NEW YORK (Reuters) - A U.

Yoshitake Yokokura, president of the Japan Medical Association, said rumors and criticism could hurt doctors and “lead to a collapse of the medical system”.Public campaigns calling for support for heroic doctors and nurses have gained momentum in many countries, and the World Health Organization has said their safety is paramount.

But there was no hero treatment last week for one hospital in Mariveles in the Philippines, where residents put up barricades to contain staff following the announcement that a patient with coronavirus symptoms had died.The hospital’s director, Lou Evangelista, now has skeleton staff because workers are petrified.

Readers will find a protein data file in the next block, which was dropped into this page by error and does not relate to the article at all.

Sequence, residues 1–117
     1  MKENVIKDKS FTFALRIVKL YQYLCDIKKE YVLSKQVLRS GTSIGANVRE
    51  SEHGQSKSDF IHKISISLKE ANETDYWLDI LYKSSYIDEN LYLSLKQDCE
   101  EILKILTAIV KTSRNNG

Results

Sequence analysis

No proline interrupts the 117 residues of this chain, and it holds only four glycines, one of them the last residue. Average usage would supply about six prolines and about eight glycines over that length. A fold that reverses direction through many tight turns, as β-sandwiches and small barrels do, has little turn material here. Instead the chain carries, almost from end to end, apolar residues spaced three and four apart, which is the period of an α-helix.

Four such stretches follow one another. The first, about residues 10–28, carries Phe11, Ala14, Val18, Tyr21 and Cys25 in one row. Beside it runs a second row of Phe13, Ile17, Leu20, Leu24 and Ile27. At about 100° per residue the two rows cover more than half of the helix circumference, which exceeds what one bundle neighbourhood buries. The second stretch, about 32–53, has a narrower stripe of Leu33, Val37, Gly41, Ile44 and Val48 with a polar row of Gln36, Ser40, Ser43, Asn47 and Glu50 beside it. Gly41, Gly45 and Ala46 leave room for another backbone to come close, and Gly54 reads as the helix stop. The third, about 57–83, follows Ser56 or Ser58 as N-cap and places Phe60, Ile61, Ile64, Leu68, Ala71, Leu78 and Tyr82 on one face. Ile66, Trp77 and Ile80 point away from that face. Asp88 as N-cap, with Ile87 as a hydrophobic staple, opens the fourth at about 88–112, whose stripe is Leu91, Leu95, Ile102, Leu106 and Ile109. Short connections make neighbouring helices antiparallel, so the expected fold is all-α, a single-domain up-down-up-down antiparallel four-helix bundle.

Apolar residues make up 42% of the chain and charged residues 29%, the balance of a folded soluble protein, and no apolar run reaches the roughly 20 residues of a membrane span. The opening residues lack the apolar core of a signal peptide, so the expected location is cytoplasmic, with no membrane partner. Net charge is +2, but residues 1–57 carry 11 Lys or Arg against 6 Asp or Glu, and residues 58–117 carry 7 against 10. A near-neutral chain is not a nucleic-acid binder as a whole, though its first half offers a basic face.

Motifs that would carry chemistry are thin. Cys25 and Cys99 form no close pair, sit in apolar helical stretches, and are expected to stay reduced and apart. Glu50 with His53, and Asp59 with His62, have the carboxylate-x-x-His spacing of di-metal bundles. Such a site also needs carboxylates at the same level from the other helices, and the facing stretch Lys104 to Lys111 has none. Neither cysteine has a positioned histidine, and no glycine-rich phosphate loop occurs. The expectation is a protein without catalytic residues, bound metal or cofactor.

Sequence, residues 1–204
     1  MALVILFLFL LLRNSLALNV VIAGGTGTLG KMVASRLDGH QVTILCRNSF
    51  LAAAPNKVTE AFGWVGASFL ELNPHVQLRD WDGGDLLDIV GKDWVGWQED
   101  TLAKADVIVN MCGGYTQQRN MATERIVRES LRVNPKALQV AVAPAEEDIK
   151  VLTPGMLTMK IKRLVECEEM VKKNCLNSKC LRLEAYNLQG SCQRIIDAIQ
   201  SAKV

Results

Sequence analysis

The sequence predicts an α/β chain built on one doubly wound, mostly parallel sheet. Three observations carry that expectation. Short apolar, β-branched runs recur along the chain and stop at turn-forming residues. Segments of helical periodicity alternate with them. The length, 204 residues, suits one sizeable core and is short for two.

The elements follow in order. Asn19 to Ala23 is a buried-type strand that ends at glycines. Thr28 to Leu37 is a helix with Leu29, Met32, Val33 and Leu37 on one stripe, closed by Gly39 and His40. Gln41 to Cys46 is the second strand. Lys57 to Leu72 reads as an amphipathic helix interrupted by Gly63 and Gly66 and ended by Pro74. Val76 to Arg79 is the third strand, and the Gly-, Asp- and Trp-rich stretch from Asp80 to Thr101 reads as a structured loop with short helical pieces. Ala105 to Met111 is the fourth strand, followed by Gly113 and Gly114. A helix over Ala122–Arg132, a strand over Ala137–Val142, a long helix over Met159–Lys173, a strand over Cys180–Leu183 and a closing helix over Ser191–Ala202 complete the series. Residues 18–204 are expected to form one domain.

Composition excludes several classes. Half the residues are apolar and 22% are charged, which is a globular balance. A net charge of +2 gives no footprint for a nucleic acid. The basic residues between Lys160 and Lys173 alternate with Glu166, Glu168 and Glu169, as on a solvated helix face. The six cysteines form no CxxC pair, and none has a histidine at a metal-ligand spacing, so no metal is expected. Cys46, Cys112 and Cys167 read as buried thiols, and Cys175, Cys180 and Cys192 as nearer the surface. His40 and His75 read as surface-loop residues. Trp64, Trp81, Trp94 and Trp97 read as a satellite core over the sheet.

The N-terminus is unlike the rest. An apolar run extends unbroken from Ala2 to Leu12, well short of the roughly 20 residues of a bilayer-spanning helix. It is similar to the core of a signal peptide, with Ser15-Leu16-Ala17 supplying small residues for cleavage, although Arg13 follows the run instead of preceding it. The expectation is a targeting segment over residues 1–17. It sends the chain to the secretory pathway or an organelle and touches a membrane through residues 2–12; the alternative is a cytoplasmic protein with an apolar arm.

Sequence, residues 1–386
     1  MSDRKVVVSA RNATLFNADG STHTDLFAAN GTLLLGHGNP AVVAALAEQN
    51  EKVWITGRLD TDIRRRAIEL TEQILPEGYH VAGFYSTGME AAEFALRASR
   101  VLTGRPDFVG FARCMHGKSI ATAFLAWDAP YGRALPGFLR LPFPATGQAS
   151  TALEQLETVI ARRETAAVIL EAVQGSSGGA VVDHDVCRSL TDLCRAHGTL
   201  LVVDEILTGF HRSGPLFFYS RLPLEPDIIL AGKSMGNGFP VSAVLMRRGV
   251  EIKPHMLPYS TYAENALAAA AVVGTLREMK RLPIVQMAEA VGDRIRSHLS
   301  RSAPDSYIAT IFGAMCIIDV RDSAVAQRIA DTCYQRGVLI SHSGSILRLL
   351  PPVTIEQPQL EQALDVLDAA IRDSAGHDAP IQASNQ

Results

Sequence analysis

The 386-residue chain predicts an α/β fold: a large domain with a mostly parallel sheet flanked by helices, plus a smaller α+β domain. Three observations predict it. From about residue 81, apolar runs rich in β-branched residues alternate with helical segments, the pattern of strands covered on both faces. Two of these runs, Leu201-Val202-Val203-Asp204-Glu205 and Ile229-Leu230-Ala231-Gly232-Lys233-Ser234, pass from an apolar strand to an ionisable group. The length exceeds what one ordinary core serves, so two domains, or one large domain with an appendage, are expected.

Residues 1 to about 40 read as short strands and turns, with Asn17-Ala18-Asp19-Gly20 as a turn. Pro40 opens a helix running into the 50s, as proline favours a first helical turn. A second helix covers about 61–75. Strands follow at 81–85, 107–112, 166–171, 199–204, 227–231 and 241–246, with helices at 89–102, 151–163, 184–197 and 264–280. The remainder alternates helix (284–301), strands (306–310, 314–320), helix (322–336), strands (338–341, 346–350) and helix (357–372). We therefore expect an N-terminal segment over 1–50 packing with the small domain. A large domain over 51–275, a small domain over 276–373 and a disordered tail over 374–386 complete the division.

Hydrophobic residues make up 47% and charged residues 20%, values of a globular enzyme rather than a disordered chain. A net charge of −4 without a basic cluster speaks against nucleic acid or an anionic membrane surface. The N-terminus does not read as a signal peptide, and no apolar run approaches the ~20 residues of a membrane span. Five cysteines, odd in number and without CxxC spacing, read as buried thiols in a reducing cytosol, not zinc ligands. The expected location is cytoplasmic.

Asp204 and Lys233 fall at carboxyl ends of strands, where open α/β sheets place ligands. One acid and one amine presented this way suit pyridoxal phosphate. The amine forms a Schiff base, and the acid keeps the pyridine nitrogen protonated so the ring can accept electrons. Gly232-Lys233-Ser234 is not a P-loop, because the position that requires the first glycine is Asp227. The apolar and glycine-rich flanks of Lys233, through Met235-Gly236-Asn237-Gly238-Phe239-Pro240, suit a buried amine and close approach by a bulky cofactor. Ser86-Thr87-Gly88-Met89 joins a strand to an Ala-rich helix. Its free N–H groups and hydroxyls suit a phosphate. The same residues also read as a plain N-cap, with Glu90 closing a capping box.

“They think we are contagious”, she told a radio station.

“We are being bashed on social media.We are being threatened not to go out.

”Additional reporting James Peason in Hanoi, Ed Davies in Sydney, Elaine Lies in Tokyo, John Geddie in Singapore and the Yangon bureau; Writing by Martin Petty; Editing by Nick MacfieOur Standards: The Thomson Reuters Trust Principles.

FILE PHOTO: Britain's Prince Charles looks on during a visit to the London Transport Museum, in London, Britain March 4, 2020.[nL1N1DA3VL]Those concerns have not been assuaged in recent weeks, as Trump has said he intends to nominate individuals to senior posts in his administration who favor expanding surveillance programs.

Alphabet Chief Executive Officer Larry Page, Apple Inc AAPL.O CEO Tim Cook, Facebook Inc FB.

O Chief Operating Officer Sheryl Sandberg and Inc AMZN.

O CEO Jeff Bezos and Oracle Corp ORCL.